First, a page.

Peas 8 – 10 Select sugar or snap varieties, their pods are soft and sweet. Grow from seed. Quick to mature. Great crop for kids.
Silver beet 8 – 10 A very easy and productive cut and grow again vegetable. Coloured stem varieties are decorative and tasty.
# It is still too early to plant onions, potatoes and broad beans.

Kitchen herbs – now is an ideal planting time

If you have never grown your own kitchen herbs, right now, while conditions are mild (not hot or cold),  is an ideal time to begin.
The following herbs are easy to grow and adapt well to container growing or raised garden beds.
Herb Comment
Basil February and early March only. Full sun, don’t overwater. Resents cold weather stop
Chives Easy to grow, slow to start. Provides great onion flavour to many foods.
Coriander Seedlings established now the heat has gone are less likely to run to seed. Spicy flavours for salads and Asian foods. Harvest leaves regularly.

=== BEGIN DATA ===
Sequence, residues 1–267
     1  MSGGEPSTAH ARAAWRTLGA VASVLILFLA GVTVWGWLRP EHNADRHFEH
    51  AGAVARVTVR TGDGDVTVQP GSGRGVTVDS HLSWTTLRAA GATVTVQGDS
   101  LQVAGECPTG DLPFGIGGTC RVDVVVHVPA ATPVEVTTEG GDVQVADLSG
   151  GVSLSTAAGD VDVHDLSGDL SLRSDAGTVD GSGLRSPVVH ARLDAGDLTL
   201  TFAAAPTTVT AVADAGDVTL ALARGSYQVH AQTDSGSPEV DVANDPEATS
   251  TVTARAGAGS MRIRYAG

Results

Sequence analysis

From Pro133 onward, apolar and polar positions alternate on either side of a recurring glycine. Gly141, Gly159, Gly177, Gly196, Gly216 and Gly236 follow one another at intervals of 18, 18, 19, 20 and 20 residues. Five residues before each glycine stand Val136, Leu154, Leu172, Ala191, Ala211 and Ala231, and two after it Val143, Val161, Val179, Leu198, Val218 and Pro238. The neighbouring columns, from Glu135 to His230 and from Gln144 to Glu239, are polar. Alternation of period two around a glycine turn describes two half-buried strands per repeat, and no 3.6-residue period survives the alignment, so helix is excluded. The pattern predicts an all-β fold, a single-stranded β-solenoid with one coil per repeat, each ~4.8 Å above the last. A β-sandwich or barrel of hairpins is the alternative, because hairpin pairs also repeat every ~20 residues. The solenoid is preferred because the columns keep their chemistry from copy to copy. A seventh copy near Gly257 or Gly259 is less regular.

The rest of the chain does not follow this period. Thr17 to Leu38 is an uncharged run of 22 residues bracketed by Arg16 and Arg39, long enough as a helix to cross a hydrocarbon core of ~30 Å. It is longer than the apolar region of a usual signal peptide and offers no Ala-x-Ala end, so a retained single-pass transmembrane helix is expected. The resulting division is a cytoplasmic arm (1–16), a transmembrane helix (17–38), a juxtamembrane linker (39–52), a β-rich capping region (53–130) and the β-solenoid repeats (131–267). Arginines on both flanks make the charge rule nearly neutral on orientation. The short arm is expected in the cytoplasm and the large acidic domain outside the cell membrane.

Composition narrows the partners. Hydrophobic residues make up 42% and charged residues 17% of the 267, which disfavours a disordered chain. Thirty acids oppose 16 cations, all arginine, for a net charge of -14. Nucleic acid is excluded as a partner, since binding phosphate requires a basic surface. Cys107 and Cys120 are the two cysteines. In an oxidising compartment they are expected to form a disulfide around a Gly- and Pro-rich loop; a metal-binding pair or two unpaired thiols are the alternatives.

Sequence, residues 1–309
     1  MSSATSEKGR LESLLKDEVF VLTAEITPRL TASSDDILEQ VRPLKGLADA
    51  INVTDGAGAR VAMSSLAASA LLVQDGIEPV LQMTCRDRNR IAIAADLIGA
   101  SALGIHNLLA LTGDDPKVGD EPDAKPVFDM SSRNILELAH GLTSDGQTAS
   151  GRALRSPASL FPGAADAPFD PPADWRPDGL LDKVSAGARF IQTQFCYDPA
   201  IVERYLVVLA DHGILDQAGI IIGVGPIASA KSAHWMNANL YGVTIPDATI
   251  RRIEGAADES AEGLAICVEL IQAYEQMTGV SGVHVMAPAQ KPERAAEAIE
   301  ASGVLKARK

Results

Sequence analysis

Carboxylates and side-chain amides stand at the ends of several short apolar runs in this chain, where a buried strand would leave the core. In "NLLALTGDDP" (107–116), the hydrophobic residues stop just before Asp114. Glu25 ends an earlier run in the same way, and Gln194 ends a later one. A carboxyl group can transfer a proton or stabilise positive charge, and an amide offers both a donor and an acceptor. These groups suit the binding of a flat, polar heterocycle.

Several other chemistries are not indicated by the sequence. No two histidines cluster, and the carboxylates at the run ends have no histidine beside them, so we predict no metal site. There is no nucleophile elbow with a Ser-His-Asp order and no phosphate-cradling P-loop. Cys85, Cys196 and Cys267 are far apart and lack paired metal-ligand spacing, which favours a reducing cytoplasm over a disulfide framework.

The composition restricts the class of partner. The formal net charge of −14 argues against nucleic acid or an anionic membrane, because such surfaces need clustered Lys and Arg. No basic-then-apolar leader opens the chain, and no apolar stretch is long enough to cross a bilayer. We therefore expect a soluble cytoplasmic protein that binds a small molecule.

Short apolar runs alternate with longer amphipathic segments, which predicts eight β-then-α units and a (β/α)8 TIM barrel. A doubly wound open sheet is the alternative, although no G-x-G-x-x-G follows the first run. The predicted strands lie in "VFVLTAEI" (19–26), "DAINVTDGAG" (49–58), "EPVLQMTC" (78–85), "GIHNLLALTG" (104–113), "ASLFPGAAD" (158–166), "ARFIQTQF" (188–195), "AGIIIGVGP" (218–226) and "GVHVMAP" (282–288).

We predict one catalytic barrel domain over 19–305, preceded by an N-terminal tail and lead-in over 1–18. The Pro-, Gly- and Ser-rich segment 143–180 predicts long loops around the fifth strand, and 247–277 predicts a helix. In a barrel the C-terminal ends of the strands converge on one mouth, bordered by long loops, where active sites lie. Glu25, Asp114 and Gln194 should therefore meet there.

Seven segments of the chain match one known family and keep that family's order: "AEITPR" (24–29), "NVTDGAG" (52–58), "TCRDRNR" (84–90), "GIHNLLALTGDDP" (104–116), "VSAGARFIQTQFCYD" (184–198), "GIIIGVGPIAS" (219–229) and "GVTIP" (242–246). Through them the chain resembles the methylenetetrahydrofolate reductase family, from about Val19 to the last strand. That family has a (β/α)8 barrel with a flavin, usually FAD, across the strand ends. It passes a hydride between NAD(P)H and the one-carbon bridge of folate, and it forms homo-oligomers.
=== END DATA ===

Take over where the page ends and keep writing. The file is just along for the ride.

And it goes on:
Mint Big range of flavours worth trying. Grow in a container, as plants can become invasive in the garden.
Oregano Easy to grow. Many flavours. Sun lover. Trim often if plants are not been harvested regularly.
Parsley Full of vitamin C. Many interesting types worth growing. Locate in full sun during winter.
Sage Easy to grow. Very strong flavours. Must have good drainage
Thyme Another herb with very strong flavour. Many different forms worth growing. Needs full sun and well-drained position.
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Clean up any mouldy old fruit

Stone fruit and grape harvesting is progressing steadily in many gardens.
However, recent rain will stimulate brown rot fungus on late-maturing stone fruits as well as botrytis and possibly downy mildew on grapevines.
There are no effective fungicides available to home gardeners for brown rot and botrytis when the fruit is close to harvest.